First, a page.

I love you with all my heart.

Your husband and your best friend,Tommy

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“Crazy Little Thing Called…”

Summer Love Stories

God is love. (1 John 4:8)

If you completed the title of today’s word of encouragement with the word LOVE, you probably recalled the song by the same title, which was a number one hit for the British rock band Queen in 1980. There are more songs sung about love than any other topic. Why? Because we were made for love by the God of love.

But what exactly is love? Ask five people to define it and you will get six different answers. So we must look to the only One who can give us the right understanding of love: God Himself.

The Koine Greek language that was used to write the New Testament actually uses four different words to capture the meaning of this all-important word:

  • Storge — The emotional bond between family members
  • Eros — The romantic love rooted in physical attraction between men and woman
  • Phileo — Attraction and affection through friendship
  • Agape — Willing self-sacrifice, even when the object of love is undeserving or unappreciative

The word that appears most often in the New Testament is agape, which is the highest and most gracious form of love. When the Bible speaks of agape love, it is pointing to God in Christ, who “did not come to be served, but to serve, and give his life as a ransom for many” (Mark 10:45). This love is sacrificial. This love is intentional. This love is a choice. Perhaps the best way to describe agape love is to say that it is totally other-oriented, seeking not the greatest good of self, but the good of the object of this love. Agape love is built on the foundation of faithfulness, dedication, and self-sacrifice, with no selfish thoughts of “What’s in it for me?”

When we read “God is love” in 1 John 4:8 (the Greek used there is agape), we are to understand that God’s love is part of His character. God’s love is not emotional or sentimental. It is simply who God is and what God does, and He shows that love to sinful people who are utterly undeserving of it.

Because we are loved in this self-sacrificial way, we are to reflect that same selfless, agape love to others—all others, even the unlovely and the unlovable. Christian, we don’t get a vote on this! We are to love because God first loved us (1 John 4:19, and yes, agape is used there too). This selfless love is not something we do by nature. You and I and all men and women are way too sinful and self-centered to do that! But when God in Christ raises us from death to life, by grace through faith, we now have the capacity to love as God commands. As Spirit-filled disciples of Christ, we can now love others as we are loved by God—selflessly, unwaveringly.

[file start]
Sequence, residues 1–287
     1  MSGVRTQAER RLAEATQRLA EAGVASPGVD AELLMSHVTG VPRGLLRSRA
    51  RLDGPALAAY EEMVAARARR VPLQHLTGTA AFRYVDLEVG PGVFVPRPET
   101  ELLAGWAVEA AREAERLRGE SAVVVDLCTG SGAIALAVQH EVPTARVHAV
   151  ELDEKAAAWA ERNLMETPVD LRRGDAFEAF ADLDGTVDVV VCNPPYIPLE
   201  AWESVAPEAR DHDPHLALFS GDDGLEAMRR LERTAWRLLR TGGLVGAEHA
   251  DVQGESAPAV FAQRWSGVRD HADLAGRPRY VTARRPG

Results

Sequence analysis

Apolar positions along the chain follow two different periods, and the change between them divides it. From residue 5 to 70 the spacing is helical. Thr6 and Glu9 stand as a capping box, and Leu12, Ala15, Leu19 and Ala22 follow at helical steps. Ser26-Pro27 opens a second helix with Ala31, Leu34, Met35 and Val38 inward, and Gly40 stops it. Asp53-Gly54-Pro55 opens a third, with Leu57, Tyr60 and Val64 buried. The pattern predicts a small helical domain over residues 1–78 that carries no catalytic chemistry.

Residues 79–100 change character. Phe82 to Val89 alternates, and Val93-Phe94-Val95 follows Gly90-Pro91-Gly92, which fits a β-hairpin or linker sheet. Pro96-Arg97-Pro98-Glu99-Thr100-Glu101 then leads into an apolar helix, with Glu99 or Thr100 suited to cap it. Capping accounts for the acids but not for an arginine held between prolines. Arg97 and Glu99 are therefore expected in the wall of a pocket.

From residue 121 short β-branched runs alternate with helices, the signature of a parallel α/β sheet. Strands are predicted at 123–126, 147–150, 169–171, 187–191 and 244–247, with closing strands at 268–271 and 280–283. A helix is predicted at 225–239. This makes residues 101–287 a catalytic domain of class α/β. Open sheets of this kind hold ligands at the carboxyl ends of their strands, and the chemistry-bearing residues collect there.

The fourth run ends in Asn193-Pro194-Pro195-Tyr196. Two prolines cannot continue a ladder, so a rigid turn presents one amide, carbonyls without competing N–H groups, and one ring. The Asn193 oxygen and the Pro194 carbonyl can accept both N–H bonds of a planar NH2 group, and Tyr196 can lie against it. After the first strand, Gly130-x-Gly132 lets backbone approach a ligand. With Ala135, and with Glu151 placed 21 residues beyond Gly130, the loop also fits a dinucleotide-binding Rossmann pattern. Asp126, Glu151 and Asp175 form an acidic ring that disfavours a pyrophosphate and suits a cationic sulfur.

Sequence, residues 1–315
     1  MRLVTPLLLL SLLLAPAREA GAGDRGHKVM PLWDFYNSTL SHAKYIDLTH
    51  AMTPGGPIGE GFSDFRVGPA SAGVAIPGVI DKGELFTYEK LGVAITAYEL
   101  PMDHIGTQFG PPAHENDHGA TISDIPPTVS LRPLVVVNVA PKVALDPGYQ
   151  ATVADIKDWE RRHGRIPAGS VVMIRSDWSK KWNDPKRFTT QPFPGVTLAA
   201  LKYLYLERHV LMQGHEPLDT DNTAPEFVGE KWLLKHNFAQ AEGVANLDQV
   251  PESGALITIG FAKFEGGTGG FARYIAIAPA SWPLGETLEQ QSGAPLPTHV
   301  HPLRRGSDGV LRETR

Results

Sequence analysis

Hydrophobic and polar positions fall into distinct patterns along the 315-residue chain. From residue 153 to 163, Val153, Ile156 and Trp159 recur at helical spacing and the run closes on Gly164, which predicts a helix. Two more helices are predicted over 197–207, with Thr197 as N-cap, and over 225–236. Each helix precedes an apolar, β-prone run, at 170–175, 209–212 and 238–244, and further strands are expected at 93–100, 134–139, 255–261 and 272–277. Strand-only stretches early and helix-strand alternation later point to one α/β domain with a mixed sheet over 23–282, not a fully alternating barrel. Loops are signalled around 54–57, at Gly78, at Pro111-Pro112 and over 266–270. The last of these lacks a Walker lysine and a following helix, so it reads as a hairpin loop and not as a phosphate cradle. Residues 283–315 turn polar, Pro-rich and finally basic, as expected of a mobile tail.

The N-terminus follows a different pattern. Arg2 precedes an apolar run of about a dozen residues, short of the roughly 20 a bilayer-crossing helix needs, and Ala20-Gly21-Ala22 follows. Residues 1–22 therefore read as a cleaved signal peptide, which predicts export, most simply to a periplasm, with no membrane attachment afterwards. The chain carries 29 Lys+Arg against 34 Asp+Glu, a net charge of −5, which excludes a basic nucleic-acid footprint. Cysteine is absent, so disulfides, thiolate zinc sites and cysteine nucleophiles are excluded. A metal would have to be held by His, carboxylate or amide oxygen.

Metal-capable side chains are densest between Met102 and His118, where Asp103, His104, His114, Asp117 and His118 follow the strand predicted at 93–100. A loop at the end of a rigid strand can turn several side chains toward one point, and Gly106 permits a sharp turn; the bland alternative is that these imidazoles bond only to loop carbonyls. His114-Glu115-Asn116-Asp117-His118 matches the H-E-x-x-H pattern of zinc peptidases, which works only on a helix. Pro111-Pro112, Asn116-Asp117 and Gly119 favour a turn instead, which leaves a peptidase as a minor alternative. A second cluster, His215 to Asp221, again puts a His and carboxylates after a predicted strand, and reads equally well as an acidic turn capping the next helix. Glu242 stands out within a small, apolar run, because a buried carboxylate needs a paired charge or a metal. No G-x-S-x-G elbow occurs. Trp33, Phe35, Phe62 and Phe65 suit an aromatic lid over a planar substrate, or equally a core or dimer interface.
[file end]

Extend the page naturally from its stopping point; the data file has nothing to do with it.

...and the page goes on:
So how are you doing at this crazy little thing called love? Would those who know you best say that your love is agape? Is your love for others self-sacrificial? Or self-serving? Remember, when you draw nearer to God, you will experience more of His agape love toward you, which will empower you to return it back to Him, by demonstrating it to everyone you meet. This is the Gospel. This is grace for your race. NEVER FORGET THAT . . . AMEN!

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A HEART FOR GOD – Trusting

The Lord is my light and my salvation – whom shall I fear? The Lord is the stronghold of my life – of whom shall I be afraid? (Psalm 27:1)

We are in the midst of a study of the life of David, seeking to better understand why God would call David—who was most definitely a sinner in need of a Savior, just like you and me—“a man after my own heart”(Acts 13:22). Last week we looked at David’s repentance and reverence; on Monday we saw his heart of thanksgiving. Today we will see that David was so trusting in the goodness of his God that when fear came knocking at his door, David’s faith would always answer.

Perhaps the best example of David’s total trust in God is his famous confrontation with Goliath of Gath. You’ll recall that God had sent the prophet Samuel to Jesse of Bethlehem to anoint one of his sons as king of Israel. Although David was the youngest son (Jesse did not even initially think to present David to Samuel, certain that one of the older boys would be selected), God chose David because of his heart, for “The Lord does not look at the things man looks at. Man looks at the outward appearance, but the Lord looks at the heart” (1 Samuel 16:7).